|Danger On The Trail
© Copyright 2002 by Monique Rider
This eventful mountain hike began on the Griffith Trail of Mt. Charleston just forty minutes west of Las Vegas. I chose Mt. Charleston because in the summer it tends to be thirty degrees cooler than in the city. Being July, the lower temperature was a refreshing change compared to the hundred and ten degree sweltering heat of Las Vegas. Since my husband and I had gotten much better at this hiking thing, I felt we were also ready for the challenging incline and elevation of this trail. Little did I know that our training and careful planning would still not prepare us for what awaited us at the summit.
After driving about a half hour and following the signs to Mt. Charleston, we then followed arrows to Griffith Trail. In order to arrive at the trailhead to begin the hike, we first had to drive up to 7,850 feet. The road was narrow and treacherous with loose gravel and steep cliffs. I had my eyes closed most of the time. However, when I peaked between my fingers I noticed just how beautiful the view was.
The road ended at a small dirt parking area. One look around the deserted lot told us that we were the only ones hiking that day. It was already 11:30 a.m. so there was a good chance no one else would be starting to hike that late. The summit of this particular climb was at 10,500 feet and boasted a panoramic view of Las Vegas, Lake Mead, and other mountain ranges. It was a ten-mile round trip hike at elevations higher than we had ever been. Anxious to summit and descend by 4:30 we set off at a quick pace.
The ecosystem was very unique for Nevada. The mountainous, sharp cliffs of rock were laced with bushes, evergreens, and even some trees with leaves! Trees shaded us for the first hour of the climb. Then things got tough. We came upon a series of switchbacks that led us straight up the face of the mountain. No more meandering through the evergreens. Now there were gorges, cliffs, and massive overlooks.
Due to our late start, we planned to forgo the rest breaks until we reached the summit. We figured at that point we would eat, reapply sunscreen, and doctor up our feet. We only stopped for pictures. The closer we got to the summit the more excited we became, knowing the view that awaited us. After two and a half hours of steady climbing we reached 10,000 feet. We were once again in a forested area that was rich in vegetation. Another ten minutes and we would be able to photograph a rare, spectacular view of Las Vegas. And boy, did we ever need a break!
That's when we heard the angry growl of a mountain lion. Somewhere between our current position and that gorgeous summit was a cat that was claiming the view all for himself. We had obviously disturbed him and he wasn't happy. Armed with only a knife and pepper spray, we felt pretty vulnerable. Remember, we were the only ones on a rugged, isolated, treacherous trail.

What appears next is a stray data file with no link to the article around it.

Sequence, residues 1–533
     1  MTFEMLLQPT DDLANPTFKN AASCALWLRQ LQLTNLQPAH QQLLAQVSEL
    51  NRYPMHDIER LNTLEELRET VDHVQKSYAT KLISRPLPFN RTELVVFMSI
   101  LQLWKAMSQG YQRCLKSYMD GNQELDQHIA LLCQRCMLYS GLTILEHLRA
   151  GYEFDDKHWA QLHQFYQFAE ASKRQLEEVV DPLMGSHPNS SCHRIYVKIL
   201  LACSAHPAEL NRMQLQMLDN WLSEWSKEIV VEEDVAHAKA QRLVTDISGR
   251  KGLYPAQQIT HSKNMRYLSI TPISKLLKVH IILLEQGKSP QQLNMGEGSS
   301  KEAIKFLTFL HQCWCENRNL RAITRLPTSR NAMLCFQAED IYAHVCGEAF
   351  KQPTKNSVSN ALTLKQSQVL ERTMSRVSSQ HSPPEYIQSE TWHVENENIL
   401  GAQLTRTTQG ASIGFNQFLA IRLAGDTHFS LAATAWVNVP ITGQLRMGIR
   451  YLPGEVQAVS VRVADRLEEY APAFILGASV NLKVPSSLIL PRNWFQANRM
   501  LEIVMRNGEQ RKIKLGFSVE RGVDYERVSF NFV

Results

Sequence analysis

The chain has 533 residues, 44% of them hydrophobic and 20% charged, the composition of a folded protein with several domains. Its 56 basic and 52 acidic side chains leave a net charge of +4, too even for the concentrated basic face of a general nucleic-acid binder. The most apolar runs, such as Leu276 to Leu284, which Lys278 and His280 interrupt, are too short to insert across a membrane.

It took about two seconds to decide that we needed to turn back. They say you can scare a mountain lion off by simply making a lot of noise. Needless to say, we were more comfortable just turning back. Mountain lions are known to track their prey sometimes for hours before attacking. So although we were anxious to descend quickly, we stopped often to look, listen, and observe our surroundings. We were in desperate need of a break to eat and tend to our feet. However, it was more important to get out of the tree line and to a safer location.
After descending for about an hour, we emerged from the forested area and stopped along an open ridge of rocks. It was at that point we took a much needed fifteen minute break, staying ever watchful. It's the worst feeling to have your boots off, lancing blisters, knowing there may be a big cat close by licking his chops.
We felt a bit safer descending the rocky portion of the mountain. With fewer trees it was easier to see in the distance. About a mile from the trailhead we passed two other hikers who were just beginning their climb way too late in the day. One of the hikers wore a pistol and mentioned that it is a necessity for rugged, isolated trails in Nevada.
As we made our way back to the truck, I felt discouraged that we were within 500 feet of the summit and had to turn back. However, I was grateful that we were safe and in one piece. We plan to make that climb again with the intent to finish it. I'll let you know how it goes!
Monique Rider is
a life coach who works via telephone with individuals in transition. She
guides them gracefully through major life challenges, helping them to obtain
balance, peace of mind, and personal growth. Monique is also a contributing
author to Ophelia's Mom and Strong Winds Make Strong Trees. Monique can
be visited on the web at: http://www.personaljoy.com.
(Messages are forwarded
by The Preservation Foundation.
So, when you write to an author, please type his/her name
in the subject line of the message.)